Bethany Osborne left home at 19, but now, at 22, she’s back in her parents’ home in Romford, using their washing machine, eating food from the fridge and watching TV on her dad’s Netflix account.
“I do my own washing if I get to the machine first. But my mum generally does it,” she admits.
The pile of dirty clothes is not just hers. She has a five-year-old and a one-year-old too.
“Buying the kids’ clothes and food – I do it sometimes,” she adds, but most of the time her mum’s got there first.
About a quarter of young adults in the UK aged 20-34 live at home, a figure which, according to the Office for National Statistics
Many returning adult children enjoy home comforts such as cooked meals, a full fridge and cleaning, as well as their bills being covered by the “hotel of mum and dad”, according to a survey by price comparison website MoneySuperMarket.
The average cost to the hoteliers – mum and dad – has gone up sharply, meaning parents are sacrificing luxuries and holidays, the survey found.
MoneySuperMarket found that last year, adult offspring were returning for an average of 9.7 months, while parents were incurring costs of around £895.
This year, the “kidults” were staying longer – just over 10 months – and costing their parents £1,640 as the householders shouldered the water, heating and electricity bills, as well as paying for takeaway meals, toiletries and food.
The price comparison site surveyed 500 adults who had moved back into their parents’ home and 500 parents who had adult children back living with them.
MoneySuperMarket’s spokeswoman, Emma Craig, says parents are under huge emotional pressure to help children struggling with their finances.
“I think what we’re seeing is more young people with more debt, so when they’re going back to their parents’, they’re coming with higher student loans, probably credit card debt, maybe payday loans.”
“So the reason parents are paying more is they’re trying to look after their children more. If your child comes home and you see them struggling financially, you feel more awkward asking them for rent or to contribute. It tugs on your heartstrings more.”
The survey found that 18% of adult children said they were moving back home because of debt, compared with 8% last year.
Moreover, 12% said it was because they had lost their job, compared with 7% last year. This year, 27% said it was because they couldn’t afford their rent, compared with 25% last year.
On top of the day-to-day spending, parents reported forking out £1,886 on redecorating, buying new furniture and upgrading their wi-fi to accommodate returning offspring.
In Bethany’s case, she doesn’t have any extra debt on top of her student loans, but her relationship with her partner broke down and as a trainee nurse she couldn’t afford to rent an apartment on her own.
With seven of them in her parents’ house (including a 20-year-old sister home from university and an 18-year-old brother still at college), there is friction over the one bathroom and who should unload the dishwasher.
But her parents seem willing, determined even, to shoulder the costs and help out, says Bethany.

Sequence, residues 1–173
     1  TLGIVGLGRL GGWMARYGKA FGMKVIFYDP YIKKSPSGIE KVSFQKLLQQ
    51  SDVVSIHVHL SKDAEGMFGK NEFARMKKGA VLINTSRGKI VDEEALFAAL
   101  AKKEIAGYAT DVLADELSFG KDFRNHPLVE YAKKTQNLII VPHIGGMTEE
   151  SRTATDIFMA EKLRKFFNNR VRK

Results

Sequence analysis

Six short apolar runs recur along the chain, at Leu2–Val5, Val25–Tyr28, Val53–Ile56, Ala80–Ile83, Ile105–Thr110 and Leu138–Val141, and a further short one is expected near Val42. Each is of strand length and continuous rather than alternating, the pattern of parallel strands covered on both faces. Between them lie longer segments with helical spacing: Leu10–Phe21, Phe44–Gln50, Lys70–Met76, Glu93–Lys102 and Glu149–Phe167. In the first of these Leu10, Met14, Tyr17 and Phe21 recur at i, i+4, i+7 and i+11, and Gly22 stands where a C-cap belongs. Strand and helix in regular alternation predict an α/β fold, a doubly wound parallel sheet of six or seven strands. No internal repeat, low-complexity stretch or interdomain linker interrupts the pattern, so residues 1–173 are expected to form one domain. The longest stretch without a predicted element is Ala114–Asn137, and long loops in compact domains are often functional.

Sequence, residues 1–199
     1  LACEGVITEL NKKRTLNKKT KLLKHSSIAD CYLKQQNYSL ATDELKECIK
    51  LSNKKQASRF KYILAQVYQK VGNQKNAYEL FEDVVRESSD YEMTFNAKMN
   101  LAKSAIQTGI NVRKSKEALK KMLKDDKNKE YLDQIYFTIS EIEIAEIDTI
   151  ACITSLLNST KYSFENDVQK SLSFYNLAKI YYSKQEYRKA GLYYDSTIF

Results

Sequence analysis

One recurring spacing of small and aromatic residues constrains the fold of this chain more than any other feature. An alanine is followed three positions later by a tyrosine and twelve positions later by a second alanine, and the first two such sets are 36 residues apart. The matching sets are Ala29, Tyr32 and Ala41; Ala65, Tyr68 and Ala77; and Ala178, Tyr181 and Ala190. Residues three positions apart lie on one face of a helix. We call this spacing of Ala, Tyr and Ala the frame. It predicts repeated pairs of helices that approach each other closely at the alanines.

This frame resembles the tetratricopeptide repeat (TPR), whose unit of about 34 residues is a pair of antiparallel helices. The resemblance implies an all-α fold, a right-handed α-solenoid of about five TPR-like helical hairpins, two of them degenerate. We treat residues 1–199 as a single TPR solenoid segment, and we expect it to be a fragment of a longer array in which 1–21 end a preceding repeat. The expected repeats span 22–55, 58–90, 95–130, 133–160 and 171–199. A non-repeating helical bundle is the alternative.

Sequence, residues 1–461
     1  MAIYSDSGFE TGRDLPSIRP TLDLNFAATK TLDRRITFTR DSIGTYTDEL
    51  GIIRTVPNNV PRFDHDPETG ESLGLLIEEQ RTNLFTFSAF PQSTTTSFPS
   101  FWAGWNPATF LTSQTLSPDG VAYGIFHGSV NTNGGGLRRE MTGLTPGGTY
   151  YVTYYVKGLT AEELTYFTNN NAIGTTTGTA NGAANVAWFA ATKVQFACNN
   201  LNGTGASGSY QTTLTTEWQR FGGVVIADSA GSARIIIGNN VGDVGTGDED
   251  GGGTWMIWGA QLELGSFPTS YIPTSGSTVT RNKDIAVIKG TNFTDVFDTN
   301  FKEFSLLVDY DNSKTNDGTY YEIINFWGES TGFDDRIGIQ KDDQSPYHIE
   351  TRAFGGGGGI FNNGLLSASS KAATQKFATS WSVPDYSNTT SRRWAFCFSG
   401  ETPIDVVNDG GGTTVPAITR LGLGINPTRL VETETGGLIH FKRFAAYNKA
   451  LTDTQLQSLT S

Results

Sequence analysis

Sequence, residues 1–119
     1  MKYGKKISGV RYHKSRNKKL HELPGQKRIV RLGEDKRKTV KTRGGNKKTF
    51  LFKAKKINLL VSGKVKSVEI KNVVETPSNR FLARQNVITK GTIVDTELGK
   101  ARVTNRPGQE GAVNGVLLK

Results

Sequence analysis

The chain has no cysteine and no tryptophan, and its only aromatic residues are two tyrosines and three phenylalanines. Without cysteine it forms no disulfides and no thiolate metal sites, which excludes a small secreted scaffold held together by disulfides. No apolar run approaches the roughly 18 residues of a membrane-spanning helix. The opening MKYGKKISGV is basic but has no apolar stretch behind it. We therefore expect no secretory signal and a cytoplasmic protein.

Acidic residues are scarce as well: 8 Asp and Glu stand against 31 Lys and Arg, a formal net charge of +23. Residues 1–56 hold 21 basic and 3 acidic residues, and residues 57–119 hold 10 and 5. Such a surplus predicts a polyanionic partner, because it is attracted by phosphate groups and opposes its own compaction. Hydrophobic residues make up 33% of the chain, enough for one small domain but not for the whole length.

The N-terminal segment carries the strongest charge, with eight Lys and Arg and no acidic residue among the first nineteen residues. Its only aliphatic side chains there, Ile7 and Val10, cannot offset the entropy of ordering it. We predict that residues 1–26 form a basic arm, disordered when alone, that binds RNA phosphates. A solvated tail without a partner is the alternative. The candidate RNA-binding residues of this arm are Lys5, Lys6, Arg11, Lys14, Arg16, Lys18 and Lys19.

“My mum feels obliged to, because it’s like when we were little. She feels the three of us – me, my brother and sister – are like her little kids still,” she says.
Wage growth in the UK picked up to 3.9% in the year to June, the highest rate for 11 years, according to the Office for National Statistics (ONS).
Overall, a record high of 32.81 million people were in employment – 425,000 more than a year earlier, largely because of more people working full-time.
Mr Hughes added: “Employment continues to increase, with three-quarters of this year’s growth being due to more women working. However, the number of vacancies has been falling for six months, with fewer now than there were this time last year.”
Chancellor Sajid Javid said: “Every person deserves the chance to succeed and provide for their families through a steady income.
“Today’s figures are another sign that despite the challenges across the global economy, the fundamentals of the British economy are strong as we prepare to leave the EU.”
Samuel Tombs, chief UK economist at Pantheon Macroeconomics, said the figures should silence any calls for a cut in interest rates.
“The labour market tends to lag developments in the wider economy,” he said. “Firms, however, have lived with high levels of economic uncertainty for the best part of a year, and still want to fill new positions.”
He added that the Bank of England has in the past used the annualised rate of growth in wages over three-month periods to back interest rate increases.
But he said: “In the event that Brexit is delayed further – still our base case – or an agreement is reached in October and the economy starts to rebuild a little momentum, the MPC (Monetary Policy Committee) will need to move in short order to raise the bank rate again.”
Tej Parikh, chief economist at the Institute of Directors, said that while the jobs market remained “a source of strength for the UK economy”, it may be reaching its peak.
“With investment in machinery and technology often deemed too risky right now, businesses have sought to bring on board more staff to help lift output,” he said.
“But as more workers have been snapped up, firms have found it harder to fill their openings. While competition has pushed up salaries, thin margins and low productivity may set a ceiling for pay growth. Although vacancies remain high by historic standards, the number has been dropping since the start of the year.”
Ian Stewart, chief economist at Deloitte, said: “The days of sharply falling unemployment are behind us, but a tight labour market points to further gains in wages and spending power. Despite a second quarter decline in growth, the UK economy still has momentum.”